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Prue's Stroopwafels

May 9, 2024

A bird's eye view of a wire rack of stroopwafels, plus one stroopwafel broken in half with caramel oozing out on a small saucer. There is also a cup of tea in frame.

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Welcome to Katrina's Great British Baking Project, aka Bake Along with Bake Off! If you haven't checked out my post about the hows and whys of this project, please head over there and give it a quick peruse. (TL, DR: I am baking the recipes from Bake Off that sound the best to me for fun, deliciousness, and learning!)

This is my second bake from Caramel Week, check out the salted peanut butter millionare shortbreads I already made HERE!

Stroopwafels are a Dutch treat made of a yeasted waffle and filled with a cinnamon caramel (in Dutch, stroop means syrup and wafel means... waffle).

Rules of The Challenge

The Technical challenges provide the bakers with a *simplified* recipe so they must rely on their instinct and expertise to properly execute the bake. For this challenge, the contestants had 1 hour and 45 minutes to complete their 12 stroopwafels. The stroopwafels consisted of:

  • thin yeasted waffle
  • cinnamon caramel

Words of Wisdom from Prue Leith

The Technical bakes are all recipes created by the judges, and they alternate between Prue and Paul each episode. Prue warned of two potential pitfalls:

  • If the wafel is too thin, it will become brittle and break.
  • If the caramel is not cooked long enough, it will be grainy rather than the preferred stretchy texture.

Research and Recipe Choice

While the bakers on the show have a pared-down version of the recipe, I will be using full, actual recipe. I found the full version of Prue's actual recipe from the show's official website. I bought two special things for the recipe:

First, a small waffle iron for making pizelles (a thin Italian cookie) because all the stroopwafel specific irons were way too expensive to maybe only use once. The pizelle maker has a distinctly different pattern than a traditional stroopwafel, but I decided it was okay for the purposes of this project!

product photo of the pizelle maker I purchased showing a floral design
My pizelle iron
A stock stroopwafel photo showing a cross hatch pattern
Traditional stroopwafel pattern

The second thing I purchased was a bottle of golden syrup, which is a British cane sugar syrup. Based on my research, Dutch stroop (syrup) is made from cane sugar or beets, so I think the British golden syrup is a decent stand in!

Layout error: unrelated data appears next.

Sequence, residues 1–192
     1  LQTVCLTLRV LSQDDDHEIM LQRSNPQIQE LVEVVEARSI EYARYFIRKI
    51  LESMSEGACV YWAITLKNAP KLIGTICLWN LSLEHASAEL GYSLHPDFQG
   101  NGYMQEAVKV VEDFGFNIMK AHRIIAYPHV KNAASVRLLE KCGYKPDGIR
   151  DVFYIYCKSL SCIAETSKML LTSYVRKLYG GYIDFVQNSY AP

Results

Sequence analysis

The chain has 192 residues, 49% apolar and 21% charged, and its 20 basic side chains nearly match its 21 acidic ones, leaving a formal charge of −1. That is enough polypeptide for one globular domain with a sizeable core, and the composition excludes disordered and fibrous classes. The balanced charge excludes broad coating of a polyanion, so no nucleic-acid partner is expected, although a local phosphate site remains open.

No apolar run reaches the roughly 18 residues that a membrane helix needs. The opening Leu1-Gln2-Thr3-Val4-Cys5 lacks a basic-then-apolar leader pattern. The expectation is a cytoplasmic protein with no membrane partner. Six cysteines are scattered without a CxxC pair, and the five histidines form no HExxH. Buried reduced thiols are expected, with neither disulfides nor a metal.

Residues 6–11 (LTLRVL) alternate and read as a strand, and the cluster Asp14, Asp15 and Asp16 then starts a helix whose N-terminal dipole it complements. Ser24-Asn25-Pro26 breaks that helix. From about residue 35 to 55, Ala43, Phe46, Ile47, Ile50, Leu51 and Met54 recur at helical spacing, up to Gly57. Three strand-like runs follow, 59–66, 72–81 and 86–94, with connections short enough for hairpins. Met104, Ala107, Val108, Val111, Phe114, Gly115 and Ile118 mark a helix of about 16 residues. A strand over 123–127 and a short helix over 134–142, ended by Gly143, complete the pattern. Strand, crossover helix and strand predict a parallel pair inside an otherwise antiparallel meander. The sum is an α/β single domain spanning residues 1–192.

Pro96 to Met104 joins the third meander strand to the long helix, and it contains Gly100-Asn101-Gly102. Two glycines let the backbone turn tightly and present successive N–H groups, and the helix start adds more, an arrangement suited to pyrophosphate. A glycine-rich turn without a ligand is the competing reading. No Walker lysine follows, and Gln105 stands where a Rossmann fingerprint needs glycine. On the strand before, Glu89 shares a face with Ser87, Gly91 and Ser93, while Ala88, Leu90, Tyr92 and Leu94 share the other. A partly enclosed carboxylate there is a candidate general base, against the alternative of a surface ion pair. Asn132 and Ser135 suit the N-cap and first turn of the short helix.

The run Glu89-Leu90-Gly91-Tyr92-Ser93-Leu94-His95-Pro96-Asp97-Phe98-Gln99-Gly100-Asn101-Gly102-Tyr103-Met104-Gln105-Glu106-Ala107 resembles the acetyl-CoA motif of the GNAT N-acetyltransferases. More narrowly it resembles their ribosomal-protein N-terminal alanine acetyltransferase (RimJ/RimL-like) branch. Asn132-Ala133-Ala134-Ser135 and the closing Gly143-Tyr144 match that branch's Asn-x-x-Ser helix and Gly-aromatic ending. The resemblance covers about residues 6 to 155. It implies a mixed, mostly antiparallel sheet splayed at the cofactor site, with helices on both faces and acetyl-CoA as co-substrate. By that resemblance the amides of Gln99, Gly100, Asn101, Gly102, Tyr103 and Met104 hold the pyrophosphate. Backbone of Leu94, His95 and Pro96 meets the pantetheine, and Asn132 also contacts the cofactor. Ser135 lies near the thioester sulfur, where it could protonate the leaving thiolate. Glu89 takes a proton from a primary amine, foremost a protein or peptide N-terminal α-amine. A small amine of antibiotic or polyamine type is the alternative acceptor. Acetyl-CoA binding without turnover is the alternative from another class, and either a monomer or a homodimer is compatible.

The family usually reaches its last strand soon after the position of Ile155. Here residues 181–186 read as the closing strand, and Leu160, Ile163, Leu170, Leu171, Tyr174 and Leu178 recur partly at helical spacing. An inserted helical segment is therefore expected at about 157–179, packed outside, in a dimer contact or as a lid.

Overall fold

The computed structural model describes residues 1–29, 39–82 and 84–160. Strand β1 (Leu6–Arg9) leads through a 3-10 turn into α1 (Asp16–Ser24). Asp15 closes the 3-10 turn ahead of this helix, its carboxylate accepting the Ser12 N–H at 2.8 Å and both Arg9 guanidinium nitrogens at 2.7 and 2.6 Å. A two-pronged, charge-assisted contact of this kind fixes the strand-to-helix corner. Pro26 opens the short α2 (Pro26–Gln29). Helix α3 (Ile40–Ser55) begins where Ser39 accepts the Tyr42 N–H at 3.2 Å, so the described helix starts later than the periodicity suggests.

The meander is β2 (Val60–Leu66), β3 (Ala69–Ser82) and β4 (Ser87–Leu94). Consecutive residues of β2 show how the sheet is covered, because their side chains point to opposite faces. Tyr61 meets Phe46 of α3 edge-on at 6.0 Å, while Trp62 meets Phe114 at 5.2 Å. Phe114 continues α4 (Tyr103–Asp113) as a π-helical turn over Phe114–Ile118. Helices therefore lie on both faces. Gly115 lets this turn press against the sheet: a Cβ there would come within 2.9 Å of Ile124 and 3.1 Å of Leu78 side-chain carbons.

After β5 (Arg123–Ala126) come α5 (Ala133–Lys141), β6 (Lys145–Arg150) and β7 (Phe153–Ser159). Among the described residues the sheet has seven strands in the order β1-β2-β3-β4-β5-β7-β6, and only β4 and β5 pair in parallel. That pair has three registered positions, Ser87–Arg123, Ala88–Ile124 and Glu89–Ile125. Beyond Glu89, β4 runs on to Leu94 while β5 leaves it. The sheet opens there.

Golden syrup
Golden Syrup
Dutch Stroop
Dutch Stroop

Making This Bake

The dough was super straightforward, just a mix of flour, butter, yeast, warm water, egg, sugar, cinnamon, and salt. Once that was mixed properly, I let it rise for 30 minutes.

The dough in a rough ball

While the dough rested, I melted more butter and light brown sugar on the stove. After it was melted, in went the golden syrup, cinnamon, vanilla extract, and a pinch of salt that Prue didn't call for but I just had to add. Caramel always needs salt!

Butter and brown sugar melting in a small saucepan

Once the caramel was done, I began cooking the waffles. The recipe stated to place a ball of dough on the iron and press it flat, but my tiny iron had not the strength for such tasks and therefore my first waffle was a major fail. However, if I flattened the dough ahead of time and rotated them 90ΒΊ near the end of cooking time, I was able to find a modicum of success!

Laying a thin circle of dough onto the pizelle iron

Once the waffles were cooked, I punched out a perfect circle using a ring mold, carefully sliced them in half and opened them like a book. A dollop of caramel in the center and then the covers went on and the stroopwafels were done.

Cutting out a circle of waffle
Slicing the waffle in half longways
Pouring caramel down onto the sliced open waffle
Holding a completed stroopwafel. Some caramel is oozing out.

The Official Rating

Paul’s handshakes are only bestowed upon the bakers when they have baked something really exceptional.

My rating for how likely I am to bake this recipe again is: 10/10 handshakes


These were very, very tasty and pretty low effort for a big payoff!

My rating for my execution of this bake is: 7/10 handshakes


My caramel was definitely grainy and a few of the waffles were somewhat uneven. But they tasted wonderful so I didn't care!

Close up of a stroopwafel broken in half on a small saucer

To Sum Up

This was a very fun project! My caramel wasn't texturally perfect, but it still tasted amazing. My waffles had a great flavor and texture even though the pizelle maker really wasn't the best tool for the job. These are a great way to bake without turning on the oven, which I think makes it a nice project for summer. I will definitely be making these again!

Head to the links below for the most recent bakes!

Stay tuned for more bakes! I hope you have a beautiful rest of your day and thank you so much for being here!

πŸ’–, Katrina



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